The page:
In some respects I agree with your comments. But, there is good advice and bad advice out here on the forums. Attempting to help a person understand his/her options and how these decisions affect their home theater experience is the best we can do. Ultimately, it is up to each individual regarding how they implement the professional standards and recommendations.
I went with the Hitachi 43uwx10b-I was also looking at the JVC 48inch widescreen, but decided that sitting at 7ft would be too close. Right now, I am very happy with my purchase HBOHD & ShowtimeHD looks great-so do DVDs. Analog cable isnt that bad either. Thanks for your help
What about the 'below' viewing angle?? The Panasonic 47" set that I'm thinking about getting will be aprox. 8.5' away, and will be on a raised platform (7") - I don't think that when i 'sit' on my couch this will be a problem, but if I wanna lie down will the picture be vastly afftected?? In the showroom when I kneel down and look at the screen on all RPTV the brightness really drops off...
SMPTE recommends a maximum vertical "viewing angle" of 35 degrees to the center of the screen. For a 8.5' viewing distance that gives you nearly 5' above "eye level" to work with. Angles greater than that are likely to induce neck strain.
Originally posted by mysphyt Here is a link to another viewing distance calculator. Based on SMPTE and THX recommendations for Cinemas as well as some recommended video viewing distances from Electrohome.
The SMPTE standard Mysphyt spoke of may not apply to rear projection, especially consumer pre-built designs. Wasn't this standard written for ceiling mounted front projection systems(i.e film projectors in commercial theaters)? I would appreciate it if you could tell us the SMPTE standard # or Recommended Practice # for my own personal reference.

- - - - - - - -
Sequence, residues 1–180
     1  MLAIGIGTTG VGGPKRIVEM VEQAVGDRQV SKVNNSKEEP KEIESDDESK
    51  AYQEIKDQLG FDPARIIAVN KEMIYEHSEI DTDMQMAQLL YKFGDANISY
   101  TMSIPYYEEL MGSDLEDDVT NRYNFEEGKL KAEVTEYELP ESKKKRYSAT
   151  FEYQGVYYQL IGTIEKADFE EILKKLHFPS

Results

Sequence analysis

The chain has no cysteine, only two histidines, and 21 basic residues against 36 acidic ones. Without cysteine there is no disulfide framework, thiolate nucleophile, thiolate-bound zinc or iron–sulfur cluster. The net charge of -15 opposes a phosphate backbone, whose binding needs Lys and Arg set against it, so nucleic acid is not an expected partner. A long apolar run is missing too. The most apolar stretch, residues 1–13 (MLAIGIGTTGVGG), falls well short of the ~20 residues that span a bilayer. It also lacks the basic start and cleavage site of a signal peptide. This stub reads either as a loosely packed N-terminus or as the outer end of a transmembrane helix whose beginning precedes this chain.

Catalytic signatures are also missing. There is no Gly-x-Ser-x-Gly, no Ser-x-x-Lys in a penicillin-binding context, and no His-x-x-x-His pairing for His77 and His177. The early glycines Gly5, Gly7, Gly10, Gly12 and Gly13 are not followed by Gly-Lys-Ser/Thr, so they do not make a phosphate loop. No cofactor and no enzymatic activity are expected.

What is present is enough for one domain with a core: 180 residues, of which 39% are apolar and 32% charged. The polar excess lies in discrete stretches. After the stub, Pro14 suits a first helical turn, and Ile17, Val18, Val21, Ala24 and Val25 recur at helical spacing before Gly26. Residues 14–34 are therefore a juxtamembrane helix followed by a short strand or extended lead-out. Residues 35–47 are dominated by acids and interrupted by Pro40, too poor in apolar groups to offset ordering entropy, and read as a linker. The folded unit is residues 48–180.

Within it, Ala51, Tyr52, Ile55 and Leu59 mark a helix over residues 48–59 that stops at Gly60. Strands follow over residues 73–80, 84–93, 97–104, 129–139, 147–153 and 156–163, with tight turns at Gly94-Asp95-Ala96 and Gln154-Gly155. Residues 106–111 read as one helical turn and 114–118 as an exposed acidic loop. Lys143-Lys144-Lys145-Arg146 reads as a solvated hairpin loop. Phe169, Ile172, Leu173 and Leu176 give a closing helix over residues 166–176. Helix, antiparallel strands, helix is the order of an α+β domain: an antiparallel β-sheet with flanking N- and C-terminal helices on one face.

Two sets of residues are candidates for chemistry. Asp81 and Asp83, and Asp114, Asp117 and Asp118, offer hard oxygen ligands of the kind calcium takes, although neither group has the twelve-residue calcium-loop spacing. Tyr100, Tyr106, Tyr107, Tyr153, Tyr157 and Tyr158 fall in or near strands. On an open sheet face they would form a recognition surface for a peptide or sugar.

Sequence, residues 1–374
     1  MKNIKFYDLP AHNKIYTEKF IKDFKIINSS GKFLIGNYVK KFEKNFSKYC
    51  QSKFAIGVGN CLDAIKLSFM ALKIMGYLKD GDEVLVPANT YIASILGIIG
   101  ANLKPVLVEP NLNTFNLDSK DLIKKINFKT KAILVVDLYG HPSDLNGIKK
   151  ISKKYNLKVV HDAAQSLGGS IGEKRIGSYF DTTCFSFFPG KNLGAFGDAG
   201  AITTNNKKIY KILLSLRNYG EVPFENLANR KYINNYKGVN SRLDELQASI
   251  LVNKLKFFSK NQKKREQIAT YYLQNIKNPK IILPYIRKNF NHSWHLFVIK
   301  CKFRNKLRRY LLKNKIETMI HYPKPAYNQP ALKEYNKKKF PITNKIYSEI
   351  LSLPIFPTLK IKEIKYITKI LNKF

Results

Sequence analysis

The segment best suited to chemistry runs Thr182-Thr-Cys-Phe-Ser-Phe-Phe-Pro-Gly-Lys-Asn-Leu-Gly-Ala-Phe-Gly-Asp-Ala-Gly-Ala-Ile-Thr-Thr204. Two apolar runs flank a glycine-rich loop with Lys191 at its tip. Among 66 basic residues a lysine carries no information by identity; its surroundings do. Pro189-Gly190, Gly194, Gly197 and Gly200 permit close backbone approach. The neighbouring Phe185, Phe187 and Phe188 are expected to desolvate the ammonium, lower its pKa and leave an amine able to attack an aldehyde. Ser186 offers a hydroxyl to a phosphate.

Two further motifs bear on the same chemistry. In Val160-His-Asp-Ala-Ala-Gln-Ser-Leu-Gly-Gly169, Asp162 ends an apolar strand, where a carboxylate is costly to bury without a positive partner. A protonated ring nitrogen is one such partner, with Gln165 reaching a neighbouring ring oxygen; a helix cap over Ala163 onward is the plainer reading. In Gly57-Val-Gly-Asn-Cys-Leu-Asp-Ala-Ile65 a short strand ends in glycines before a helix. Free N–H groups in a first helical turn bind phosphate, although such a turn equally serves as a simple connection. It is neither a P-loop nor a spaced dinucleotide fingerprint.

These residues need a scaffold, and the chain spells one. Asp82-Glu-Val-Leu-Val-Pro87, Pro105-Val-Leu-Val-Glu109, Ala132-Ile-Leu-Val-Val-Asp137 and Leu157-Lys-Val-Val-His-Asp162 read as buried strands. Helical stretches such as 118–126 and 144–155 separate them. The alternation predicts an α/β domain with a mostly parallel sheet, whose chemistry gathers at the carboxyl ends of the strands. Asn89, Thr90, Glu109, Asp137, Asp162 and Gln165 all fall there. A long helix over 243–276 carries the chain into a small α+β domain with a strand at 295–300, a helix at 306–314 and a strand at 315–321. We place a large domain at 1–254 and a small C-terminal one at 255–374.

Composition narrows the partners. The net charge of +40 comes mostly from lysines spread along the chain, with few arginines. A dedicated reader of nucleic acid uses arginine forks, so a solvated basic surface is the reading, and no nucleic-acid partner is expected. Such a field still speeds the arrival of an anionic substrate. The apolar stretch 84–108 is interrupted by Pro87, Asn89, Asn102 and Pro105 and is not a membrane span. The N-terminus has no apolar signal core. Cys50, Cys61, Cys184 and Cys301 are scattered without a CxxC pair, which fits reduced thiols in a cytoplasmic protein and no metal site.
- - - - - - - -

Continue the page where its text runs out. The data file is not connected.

One of the biggest problems with placing a rear projection too much above eye level is that these units are designed for limited vertical off-axis dispersion. This allows the manufacturers to focus their attention on a wider horizontal viewing plane which is more critical for the average living room.
Ultimately, you will lose picture dynamics or light output and you can't afford to give that up on a CRT designed product. One way to test this is to sit at eye level at your seating distance(TV at floor level) and then stand-up. Usually you will notice that the image is not as bright when viewing standing up. This would be the same in reverse. If the TV is above your eye level, you will experience the same problem. Of course, if your seating is higher than a normal sofa or chair, a seven inch platform riser may benefit you by raising the TV closer to eye level.
The amount of light output loss on the vertical plane will vary from model to model and brand to brand. Some manufacturers may list vertical dispersion numbers but it is best to just do the simple test.
Give it a try and keep us up-to-date on the results.
I got the Hitachi home Sat. & I love it, but it does have the dreaded "bulls-eye" problem that I will have to address. The set was made in March of 2002-I thought Hitachi would have solved this problem by now.